Duncan (Liam James) is 14 and feeling a strain on his relationship with mum Toni Collette, caused by her overbearing new boyfriend, Steve Carell. While he dreads going away with them for the summer, things start to look up for Duncan when he befriends the scruffily likeable manager of the local water park, played by the scruffily likeable Sam Rockwell.
Unfortunately for anyone looking to fill a Descendants-shaped void, this is a far breezier affair that, while undeniably entertaining, doesn’t pack the emotional uppercut of Alexander Payne’s film. Perhaps that’s because Payne didn’t direct this, but writers Nat Foxon and Community‘s Jim Rash themselves, turning up as Roddy (water-park perv) and Lewis (water-park weirdo) respectively. This means schmaltzy moments underlined with the strum of acoustic guitars and a misjudged bit of cartoonish humour involving three kids and a water-slide.
On the plus side, there are big laughs to be had, particularly where Allison Janney’s outrageous Betty is concerned (though a running gag about her lazy-eyed son gets old fast), and Duncan’s increasing disappointment with his mum is expertly handled.
However, after a brilliant opening scene in which Carell ruthlessly orders Duncan to rate himself out of 10 as a person (allegedly inspired by a similar conversation Rash once had with his own stepfather), boyfriend Trent deflates into a standard “boo-hiss” baddie instead of being explored as a human being. AnnaSophia Robb, so good in Bridge to Terabithia, is equally left hanging without much material as love interest Susanna. No-one plays fragile mums like Toni Collette though, so all’s good there.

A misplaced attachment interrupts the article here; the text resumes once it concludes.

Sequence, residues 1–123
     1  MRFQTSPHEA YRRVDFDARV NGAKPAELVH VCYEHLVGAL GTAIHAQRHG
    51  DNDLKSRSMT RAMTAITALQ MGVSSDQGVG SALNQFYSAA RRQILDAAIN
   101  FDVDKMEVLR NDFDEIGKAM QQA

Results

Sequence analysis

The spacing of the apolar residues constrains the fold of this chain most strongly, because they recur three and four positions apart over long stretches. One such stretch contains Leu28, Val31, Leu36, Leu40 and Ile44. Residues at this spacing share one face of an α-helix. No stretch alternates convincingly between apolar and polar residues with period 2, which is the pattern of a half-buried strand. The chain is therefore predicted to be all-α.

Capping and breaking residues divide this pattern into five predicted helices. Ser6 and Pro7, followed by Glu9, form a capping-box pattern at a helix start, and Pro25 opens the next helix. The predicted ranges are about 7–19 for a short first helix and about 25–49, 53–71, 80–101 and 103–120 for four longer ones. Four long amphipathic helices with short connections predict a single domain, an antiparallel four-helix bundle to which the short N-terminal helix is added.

The major problem, unfortunately, is Liam James as our everyman hero of the story. While he plays Duncan with the right level of awkwardness (especially when he takes things too literally), he doesn’t bring the requisite heft to the more dramatic moments. As such, these come off stilted and clunky when they should be heart-breaking or thrilling.
Of course, none of this matters too much in the end. While it misses a couple of tricks, The Way, Way Back is as warm and sunny as the summer we kind of had for a bit a few weeks ago. It was fun while it lasted, but it didn’t leave a mark.
Released in UK cinemas on Wednesday 28 August 2013.